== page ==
Location:2012 Annual Report
1a. Objectives (from AD-416):
Characterize inheritance of biological nitrogen fixation in dry beans and develop germplasm with improved biological nitrogen fixation.
1b. Approach (from AD-416):
Optimze biological nitrogen fixation in dry beans through genetics and plant breeding. Identify lines with high BNF and cross with lines with low BNF to devlop breeding populations. Evaluate breeding and mapping populations for BNF response and populate with markers for QTL analysis.
3. Progress Report:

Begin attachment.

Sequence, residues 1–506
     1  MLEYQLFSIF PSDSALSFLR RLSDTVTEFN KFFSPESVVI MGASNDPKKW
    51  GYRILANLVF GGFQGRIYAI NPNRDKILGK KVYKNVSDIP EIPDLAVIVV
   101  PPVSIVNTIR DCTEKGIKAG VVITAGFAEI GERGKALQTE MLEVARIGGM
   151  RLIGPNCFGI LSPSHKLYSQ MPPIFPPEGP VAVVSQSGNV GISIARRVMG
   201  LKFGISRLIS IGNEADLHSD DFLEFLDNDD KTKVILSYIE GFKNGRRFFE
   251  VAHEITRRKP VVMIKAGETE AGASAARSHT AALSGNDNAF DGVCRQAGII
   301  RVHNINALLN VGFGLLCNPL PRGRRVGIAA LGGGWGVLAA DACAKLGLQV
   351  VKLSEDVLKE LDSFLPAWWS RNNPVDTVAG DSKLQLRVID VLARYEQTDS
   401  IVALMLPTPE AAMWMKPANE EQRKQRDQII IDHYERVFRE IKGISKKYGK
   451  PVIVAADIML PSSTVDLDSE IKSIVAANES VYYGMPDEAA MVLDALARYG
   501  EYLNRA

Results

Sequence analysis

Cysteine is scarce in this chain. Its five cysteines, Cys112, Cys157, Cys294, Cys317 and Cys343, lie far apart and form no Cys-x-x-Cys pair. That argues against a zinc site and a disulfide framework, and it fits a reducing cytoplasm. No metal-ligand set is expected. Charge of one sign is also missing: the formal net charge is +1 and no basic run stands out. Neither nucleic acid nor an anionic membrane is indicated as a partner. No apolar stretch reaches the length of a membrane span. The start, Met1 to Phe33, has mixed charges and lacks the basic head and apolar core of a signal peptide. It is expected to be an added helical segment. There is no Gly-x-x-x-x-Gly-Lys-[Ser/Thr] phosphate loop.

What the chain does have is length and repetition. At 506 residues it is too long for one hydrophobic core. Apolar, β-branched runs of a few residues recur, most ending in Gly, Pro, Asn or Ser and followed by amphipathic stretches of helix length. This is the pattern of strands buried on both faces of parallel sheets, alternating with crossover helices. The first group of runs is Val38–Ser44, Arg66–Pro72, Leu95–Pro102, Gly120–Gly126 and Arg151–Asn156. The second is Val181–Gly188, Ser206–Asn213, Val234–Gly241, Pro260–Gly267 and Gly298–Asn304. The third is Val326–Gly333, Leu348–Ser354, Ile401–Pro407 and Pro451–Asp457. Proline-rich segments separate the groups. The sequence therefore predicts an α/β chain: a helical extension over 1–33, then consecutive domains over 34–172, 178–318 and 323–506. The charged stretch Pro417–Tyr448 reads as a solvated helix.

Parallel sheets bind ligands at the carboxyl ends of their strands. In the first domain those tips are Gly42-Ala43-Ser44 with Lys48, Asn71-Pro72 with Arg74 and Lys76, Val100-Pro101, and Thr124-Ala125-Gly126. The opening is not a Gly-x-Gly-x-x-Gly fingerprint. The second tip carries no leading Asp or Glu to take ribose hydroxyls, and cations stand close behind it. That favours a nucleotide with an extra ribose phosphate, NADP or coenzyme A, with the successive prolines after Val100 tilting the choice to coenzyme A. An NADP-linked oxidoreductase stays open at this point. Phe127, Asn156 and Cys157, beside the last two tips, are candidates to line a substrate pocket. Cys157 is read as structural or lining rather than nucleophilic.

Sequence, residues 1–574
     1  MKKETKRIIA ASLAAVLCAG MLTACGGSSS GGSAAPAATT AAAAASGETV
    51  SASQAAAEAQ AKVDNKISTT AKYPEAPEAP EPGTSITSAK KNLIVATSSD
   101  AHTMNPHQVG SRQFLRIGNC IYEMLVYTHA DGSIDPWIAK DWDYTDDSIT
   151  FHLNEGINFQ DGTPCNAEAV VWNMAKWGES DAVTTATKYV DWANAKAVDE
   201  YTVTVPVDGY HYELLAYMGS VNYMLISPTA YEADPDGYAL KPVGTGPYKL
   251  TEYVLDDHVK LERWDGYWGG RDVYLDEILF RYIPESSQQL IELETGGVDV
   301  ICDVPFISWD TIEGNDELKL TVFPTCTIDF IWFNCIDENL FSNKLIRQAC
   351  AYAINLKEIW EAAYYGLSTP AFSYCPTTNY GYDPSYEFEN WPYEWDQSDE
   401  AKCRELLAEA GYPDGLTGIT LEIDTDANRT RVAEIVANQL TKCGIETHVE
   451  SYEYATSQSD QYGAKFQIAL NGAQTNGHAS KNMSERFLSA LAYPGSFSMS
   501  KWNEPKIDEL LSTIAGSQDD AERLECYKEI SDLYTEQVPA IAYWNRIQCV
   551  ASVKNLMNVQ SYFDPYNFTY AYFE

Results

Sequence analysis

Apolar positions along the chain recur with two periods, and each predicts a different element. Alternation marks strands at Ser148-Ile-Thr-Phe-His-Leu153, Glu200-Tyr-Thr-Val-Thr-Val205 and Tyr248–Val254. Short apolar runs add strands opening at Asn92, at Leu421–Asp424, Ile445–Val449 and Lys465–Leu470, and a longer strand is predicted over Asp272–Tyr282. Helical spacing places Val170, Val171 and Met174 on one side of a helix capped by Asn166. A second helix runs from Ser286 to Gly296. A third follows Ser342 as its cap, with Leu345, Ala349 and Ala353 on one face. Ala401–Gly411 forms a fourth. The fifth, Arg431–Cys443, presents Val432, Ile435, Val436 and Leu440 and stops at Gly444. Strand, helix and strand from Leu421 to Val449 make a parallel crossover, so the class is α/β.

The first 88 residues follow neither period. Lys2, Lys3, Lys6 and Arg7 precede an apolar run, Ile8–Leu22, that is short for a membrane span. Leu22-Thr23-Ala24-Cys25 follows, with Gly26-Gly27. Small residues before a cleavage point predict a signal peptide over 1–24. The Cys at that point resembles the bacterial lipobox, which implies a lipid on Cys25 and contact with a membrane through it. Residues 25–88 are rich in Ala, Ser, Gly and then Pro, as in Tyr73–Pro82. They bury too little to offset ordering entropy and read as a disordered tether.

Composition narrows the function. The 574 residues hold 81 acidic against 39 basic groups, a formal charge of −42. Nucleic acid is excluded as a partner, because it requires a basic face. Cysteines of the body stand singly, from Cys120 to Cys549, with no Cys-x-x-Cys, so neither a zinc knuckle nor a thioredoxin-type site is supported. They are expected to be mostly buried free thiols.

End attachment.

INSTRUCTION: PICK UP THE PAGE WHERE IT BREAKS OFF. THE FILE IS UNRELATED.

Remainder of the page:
TThis is the final Report for project 5354-21220-016-00D terminated in September 2012. This three year project evaluated select bean germplasm for biological nitrogen fixation (BNF) with Rhizobium inoculant and without. The first two years (2010 and 2011) of field studies in Washington State showed that inoculant had a consistent negative 5% reduction on yield. This result was caused by competition between the native and added rhizobium strains. A few lines performed well under low N and were used in crosses with lines which had poor performance to generate segregating populations for investigating inheritance of enhanced BNF. The investigations in 2012 dropped inoculant as a treatment and added other stresses. Three experiments were planted in Spring 2012. All three experiments were planted with lines from the Andean Diversity Panel for Association Mapping of traits affecting abiotic stresses induced by low fertility and drought. The drought study consists of 584 plots, the low fertility study consists of 375 plots, and a study looking at biological nitrogen fixation consists of 1280 plots. Stand and flowering date has been recorded and tissue samples for determining biomass and nitrogen concentration have been collected. Partial single-nucleotide polymorphism (SNP) analysis has been completed for 272 of the 392 lines in the diversity panel. Under sub-objective 1B of the related in-house project, "Develop dry bean germplasm with enhanced disease and/or abiotic stress resistance using MAS in combination with traditional breeding approaches", significant progress was made in identifying lines with general resistance to abiotic stresses. The overall impact of the accomplishments is that breeders have a better understanding of which lines to use for increasing BNF in their breeding programs and that farmers should run test strips to confirm that rhizobium inoculants are improving performance.